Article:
What would happen if the USA made a serious, peacefull and sincere offer to annex Mexico , bringing the USA to the Mexicans instead of having all of these Mexicans coming to the USA? After a few years of transition, the currently illegal crossings would cease, as the political and economic stability that that area so very much needs would be put in place and the ongoing and worsening violence in the border towns would end, as the reason d'etre for the drug gangs (the border crossings) would disappear.
    The US already took the northern third of Mexico in the Mexican Cession of 1848 and the Gadsen Purchase of 1853. Ceding the entirety of Mexico to the US wouldn't please too many politicians either here or there. Right now the US enjoys the fruits of cheap Mexican laborers jumping across the border to do our landscaping, construction, and farmwork without the burden on social services that the sending country would require. The upper crust of politically-connected Mexican elites wouldn't react too kindly to being bought out.

  7. #7

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    Nah, don't you know that The Minutemen know the Truth. WE are not going to buy THEM (the Mexican elites) out. THEY are going to undertake LA RECONQUISTA.

    (Just Google the term. There are plenty of "interesting" wacky websites out there that I'm not sure Dan would want linked)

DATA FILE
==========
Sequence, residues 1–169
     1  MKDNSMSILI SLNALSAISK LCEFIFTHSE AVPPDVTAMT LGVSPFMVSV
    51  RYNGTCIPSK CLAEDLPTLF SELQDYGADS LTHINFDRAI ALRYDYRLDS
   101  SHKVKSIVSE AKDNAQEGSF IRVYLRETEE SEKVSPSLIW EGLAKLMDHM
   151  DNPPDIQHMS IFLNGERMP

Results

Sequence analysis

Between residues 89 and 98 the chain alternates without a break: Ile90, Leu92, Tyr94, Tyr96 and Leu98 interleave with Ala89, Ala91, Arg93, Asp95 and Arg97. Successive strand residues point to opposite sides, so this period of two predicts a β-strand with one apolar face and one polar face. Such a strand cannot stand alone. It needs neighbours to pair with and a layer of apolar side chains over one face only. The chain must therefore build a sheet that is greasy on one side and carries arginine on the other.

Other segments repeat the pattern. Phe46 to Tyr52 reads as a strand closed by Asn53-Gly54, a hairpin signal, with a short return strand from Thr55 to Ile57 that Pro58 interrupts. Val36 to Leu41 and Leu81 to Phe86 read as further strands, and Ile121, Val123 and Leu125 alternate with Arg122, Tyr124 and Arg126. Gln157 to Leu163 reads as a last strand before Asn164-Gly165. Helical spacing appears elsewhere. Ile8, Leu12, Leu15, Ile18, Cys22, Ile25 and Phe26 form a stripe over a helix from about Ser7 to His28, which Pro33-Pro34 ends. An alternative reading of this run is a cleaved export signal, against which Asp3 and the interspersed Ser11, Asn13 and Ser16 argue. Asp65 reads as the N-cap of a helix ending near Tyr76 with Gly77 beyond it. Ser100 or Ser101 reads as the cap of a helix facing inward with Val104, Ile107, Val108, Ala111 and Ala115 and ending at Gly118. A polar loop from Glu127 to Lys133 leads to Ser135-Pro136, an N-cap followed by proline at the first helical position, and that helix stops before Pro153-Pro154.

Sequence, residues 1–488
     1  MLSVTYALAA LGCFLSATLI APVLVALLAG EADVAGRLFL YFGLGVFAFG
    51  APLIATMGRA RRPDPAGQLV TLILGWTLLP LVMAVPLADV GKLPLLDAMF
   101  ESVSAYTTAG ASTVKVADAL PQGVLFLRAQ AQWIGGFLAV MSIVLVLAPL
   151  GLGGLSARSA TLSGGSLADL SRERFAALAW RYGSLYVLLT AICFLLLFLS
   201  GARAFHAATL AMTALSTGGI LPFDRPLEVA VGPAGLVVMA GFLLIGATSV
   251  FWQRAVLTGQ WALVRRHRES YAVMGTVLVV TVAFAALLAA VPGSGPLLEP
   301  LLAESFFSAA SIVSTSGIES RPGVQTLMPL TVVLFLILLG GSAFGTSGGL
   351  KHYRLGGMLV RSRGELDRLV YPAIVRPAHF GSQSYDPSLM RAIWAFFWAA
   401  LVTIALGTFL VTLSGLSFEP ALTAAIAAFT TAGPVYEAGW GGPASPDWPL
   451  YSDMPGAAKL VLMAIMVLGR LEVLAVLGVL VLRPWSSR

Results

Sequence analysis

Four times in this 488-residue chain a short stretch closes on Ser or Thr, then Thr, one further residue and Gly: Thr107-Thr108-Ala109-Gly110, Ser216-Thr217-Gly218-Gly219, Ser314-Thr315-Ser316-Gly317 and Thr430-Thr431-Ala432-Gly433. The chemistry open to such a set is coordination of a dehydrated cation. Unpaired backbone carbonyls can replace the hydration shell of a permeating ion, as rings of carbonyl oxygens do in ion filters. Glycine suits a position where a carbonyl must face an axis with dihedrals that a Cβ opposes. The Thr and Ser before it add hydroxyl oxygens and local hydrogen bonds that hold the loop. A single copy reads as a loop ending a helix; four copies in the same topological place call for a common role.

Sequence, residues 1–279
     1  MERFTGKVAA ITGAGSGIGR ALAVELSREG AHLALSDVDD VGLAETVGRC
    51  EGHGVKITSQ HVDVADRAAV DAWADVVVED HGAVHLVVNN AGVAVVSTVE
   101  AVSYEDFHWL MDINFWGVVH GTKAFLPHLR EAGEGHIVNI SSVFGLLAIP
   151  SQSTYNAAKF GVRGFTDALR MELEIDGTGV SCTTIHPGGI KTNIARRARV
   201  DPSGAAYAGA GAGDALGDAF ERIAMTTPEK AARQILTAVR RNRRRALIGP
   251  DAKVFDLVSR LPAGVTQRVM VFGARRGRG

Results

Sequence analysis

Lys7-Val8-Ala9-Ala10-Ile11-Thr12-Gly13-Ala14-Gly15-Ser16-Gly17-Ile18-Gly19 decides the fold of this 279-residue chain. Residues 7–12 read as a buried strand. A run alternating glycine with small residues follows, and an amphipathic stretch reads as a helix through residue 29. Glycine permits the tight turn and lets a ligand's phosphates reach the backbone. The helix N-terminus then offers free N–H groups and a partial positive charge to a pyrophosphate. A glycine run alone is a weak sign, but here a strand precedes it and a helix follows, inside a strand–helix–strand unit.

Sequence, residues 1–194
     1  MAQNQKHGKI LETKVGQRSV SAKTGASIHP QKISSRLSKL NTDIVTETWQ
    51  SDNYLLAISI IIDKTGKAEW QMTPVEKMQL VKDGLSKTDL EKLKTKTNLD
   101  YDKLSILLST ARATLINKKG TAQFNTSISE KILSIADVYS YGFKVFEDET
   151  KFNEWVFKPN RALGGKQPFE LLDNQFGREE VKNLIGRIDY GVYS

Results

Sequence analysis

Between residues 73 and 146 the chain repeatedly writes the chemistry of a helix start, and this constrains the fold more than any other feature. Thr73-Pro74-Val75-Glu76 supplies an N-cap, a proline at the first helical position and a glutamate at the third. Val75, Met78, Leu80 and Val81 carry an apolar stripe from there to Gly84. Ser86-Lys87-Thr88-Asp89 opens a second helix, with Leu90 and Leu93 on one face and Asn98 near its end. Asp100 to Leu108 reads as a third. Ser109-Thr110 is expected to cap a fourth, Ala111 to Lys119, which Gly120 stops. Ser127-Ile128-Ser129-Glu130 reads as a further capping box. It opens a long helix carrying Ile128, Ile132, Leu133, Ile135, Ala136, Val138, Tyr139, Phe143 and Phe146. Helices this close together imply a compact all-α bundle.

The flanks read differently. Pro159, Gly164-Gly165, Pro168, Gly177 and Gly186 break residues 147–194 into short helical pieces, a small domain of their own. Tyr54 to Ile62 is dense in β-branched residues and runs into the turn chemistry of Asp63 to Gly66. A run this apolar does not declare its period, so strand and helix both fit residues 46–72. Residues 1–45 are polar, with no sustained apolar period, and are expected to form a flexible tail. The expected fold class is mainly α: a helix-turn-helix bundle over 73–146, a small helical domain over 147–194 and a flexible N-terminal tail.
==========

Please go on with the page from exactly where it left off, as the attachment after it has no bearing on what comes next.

8. #8
    Cyburbian otterpop's avatar
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    I am married to an immigrant who recently became a U.S. citizen. We went through all the legal and procedural hoops to get her in the country legally and through the permanent resident and citizenship processes. In the future perhaps one of my wife's sisters may come to the U.S.

    I encourage immigrants to come to our country and settle. LEGALLY If you come illegally, you should get your hearing and if you do not carry the day, you should be immediately deported. No one is entitled to come to this country. We have laws. We expect everyone to obey them. If you don't obey our laws you should be willing to suffer the consequences of your actions. I have disobeyed laws and was willing to pay the consequences if caught.

    Tighten up the borders. By all means amend the immigration laws so that our neighbors south of the border can come to our nation more easily. But enforce the laws. Illegal aliens are illegal. They are criminals. Criminals should not get the fast track to the bounty of our nation.